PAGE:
By Samuel Rubenfeld
Wednesday, September 15, 2021
The European Union implemented rules last week that mark the last step in the bloc’s overhaul of controls on exports of certain sensitive goods and technologies.
The raft of changes tighten restrictions on trade of so-called “dual-use items,” which are civilian goods that have potential military or security uses, the EU said in a press release. They also allow the EU to pool expertise and tackle challenges in a variety of industries ranging from biotechnology, artificial intelligence and other emerging technologies, according to the EU.
“We need to better respond to emerging threats in an increasingly volatile world,” Valdis Dombrovskis, the EU trade commissioner, said in the statement.
Among other things, the EU regulation introduced a new “human security” dimension that allows the bloc to respond to challenges posed by emerging technologies that enable human rights abuses, the EU said. The rule also coordinates robust enforcement of controls, updates key definitions, simplifies licensing procedures and enhances information exchanges, according to the EU.
Plans for updating EU export controls on dual-use items date back to September 2016, when the European Commission adopted legislation to replace rules from 2009. The EC already took a number of steps to implement the new regulation, including the setup of an enforcement coordination mechanism, as well as the introduction of an electronic licensing platform to increase the efficiency of processing export applications, according to a memo.
The update became necessary due to geopolitical and technological developments, according to a client note from BenninkAmar, a Dutch law firm focused on sanctions, export controls and other international trade matters. Businesses and national authorities faced an administrative burden of interpreting a complex and technical regulation with little guidance, the firm said.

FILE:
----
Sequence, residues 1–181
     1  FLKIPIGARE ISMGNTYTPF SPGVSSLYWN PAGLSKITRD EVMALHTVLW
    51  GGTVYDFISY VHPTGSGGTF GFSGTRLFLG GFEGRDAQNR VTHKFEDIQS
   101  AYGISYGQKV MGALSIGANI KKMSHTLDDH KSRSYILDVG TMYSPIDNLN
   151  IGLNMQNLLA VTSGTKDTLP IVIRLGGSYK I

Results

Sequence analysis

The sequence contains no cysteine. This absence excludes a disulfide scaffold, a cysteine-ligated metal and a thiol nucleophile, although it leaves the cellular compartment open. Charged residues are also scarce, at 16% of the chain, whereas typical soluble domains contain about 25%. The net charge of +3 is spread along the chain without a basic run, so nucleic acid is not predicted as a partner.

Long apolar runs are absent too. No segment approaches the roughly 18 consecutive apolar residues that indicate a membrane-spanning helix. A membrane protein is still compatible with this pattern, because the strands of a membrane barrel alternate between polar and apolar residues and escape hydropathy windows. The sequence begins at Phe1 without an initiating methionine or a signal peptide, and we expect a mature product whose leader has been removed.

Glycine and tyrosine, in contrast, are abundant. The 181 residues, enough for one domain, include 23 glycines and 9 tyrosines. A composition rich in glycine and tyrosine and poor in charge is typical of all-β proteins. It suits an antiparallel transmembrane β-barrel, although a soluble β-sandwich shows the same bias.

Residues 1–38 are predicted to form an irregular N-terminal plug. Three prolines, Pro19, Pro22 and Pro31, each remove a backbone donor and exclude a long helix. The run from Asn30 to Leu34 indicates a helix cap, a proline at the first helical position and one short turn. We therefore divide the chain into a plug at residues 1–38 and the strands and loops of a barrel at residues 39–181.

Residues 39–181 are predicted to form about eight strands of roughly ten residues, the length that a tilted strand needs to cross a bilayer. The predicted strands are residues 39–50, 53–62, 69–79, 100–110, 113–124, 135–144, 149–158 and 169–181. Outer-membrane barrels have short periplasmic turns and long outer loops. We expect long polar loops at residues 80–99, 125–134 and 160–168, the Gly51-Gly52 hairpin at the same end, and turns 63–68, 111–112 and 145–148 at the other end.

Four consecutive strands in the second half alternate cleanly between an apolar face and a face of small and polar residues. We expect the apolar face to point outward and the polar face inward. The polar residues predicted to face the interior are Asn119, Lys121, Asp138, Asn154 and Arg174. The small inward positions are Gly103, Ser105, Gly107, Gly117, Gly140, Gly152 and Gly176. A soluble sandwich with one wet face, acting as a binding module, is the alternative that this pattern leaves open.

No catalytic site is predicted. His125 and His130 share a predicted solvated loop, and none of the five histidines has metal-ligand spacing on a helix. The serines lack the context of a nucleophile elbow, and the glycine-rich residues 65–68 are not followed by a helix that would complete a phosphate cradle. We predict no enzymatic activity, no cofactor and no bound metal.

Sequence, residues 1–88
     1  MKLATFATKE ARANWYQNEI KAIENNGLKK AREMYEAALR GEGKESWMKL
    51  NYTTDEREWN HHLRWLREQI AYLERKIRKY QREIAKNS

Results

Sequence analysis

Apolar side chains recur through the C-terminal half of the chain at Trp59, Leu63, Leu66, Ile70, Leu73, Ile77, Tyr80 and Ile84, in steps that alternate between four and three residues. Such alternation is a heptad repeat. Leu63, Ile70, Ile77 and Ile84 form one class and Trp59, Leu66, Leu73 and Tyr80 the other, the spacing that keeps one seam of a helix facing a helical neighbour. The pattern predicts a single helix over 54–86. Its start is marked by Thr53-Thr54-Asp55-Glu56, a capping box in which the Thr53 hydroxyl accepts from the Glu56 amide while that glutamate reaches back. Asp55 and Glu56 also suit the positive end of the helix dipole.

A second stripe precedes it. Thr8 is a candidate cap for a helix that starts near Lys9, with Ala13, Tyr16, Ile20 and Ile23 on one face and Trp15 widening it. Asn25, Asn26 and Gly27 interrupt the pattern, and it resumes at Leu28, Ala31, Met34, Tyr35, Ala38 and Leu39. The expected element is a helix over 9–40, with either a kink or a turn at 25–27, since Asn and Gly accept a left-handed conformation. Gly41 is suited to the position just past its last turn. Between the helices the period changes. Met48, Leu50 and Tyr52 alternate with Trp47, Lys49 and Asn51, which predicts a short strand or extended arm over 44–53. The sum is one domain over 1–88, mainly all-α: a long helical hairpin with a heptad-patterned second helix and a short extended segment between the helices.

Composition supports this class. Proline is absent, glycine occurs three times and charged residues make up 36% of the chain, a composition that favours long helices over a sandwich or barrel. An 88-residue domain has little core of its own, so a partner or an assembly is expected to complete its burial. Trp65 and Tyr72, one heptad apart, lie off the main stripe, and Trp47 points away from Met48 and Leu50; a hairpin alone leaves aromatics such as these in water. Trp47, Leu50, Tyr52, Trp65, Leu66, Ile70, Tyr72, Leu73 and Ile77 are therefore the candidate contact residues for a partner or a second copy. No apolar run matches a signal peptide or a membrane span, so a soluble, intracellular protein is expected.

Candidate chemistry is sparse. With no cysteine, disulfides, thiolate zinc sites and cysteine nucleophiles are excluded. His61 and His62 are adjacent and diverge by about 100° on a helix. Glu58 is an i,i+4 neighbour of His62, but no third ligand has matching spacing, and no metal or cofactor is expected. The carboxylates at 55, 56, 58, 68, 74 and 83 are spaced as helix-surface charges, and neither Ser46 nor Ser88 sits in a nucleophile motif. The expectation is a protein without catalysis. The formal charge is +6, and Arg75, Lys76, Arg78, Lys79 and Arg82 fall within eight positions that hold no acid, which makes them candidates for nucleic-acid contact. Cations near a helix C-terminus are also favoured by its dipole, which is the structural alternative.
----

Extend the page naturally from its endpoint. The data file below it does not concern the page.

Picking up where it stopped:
The new rule expanded a provision allowing member states to control exports of non-listed items on the grounds of human rights or public security by specifying that states can impose restrictions “to prevent acts of terrorism,” the law firm Sidley Austin said in a client update.
One of the main changes in the overhaul, though, concerned exports of certain cybersurveillance equipment, which are defined in the regulations as a dual-use item “specially designed to enable the covert surveillance of natural persons by monitoring, extracting, collecting or analysing data from information and telecommunication systems.” Such tools “can be misused for human rights violations,” Dombrovskis noted in the statement.
The regulation didn’t provide an initial list of cybersurveillance items subject to the controls, according to a blog post from the law firm Steptoe & Johnson LLP. However, the items are subject to a license requirement if the exporter is told that they may be used to deal with internal repression or for human rights violations, the law firm said. And if the exporter finds out through its due diligence process that items are intended for such uses, they are to notify competent authorities, which will then decide whether to require national authorization, the blog post said.
“The reference to the exporters’ due diligence findings could be understood to mean that exporters are under an obligation to take reasonable steps to determine the intended use of cybersurveillance items where they become aware of unusual circumstances,” Steptoe & Johnson said.
Cautioning that the scope of the cybersurveillance controls “remains ambiguous,” the Sidley Austin client update said the EC is expected to publish an “EU WatchList” that includes cybersurveillance items that member states will deem controlled “to consolidate and provide guidance.”
Overall, the regulation “confirms the EU’s commitment to implement broad controls on dual-use items,” according to the law firm. It “undisputedly expands EU controls and is expected to have significant implications for businesses dealing in dual-use items.”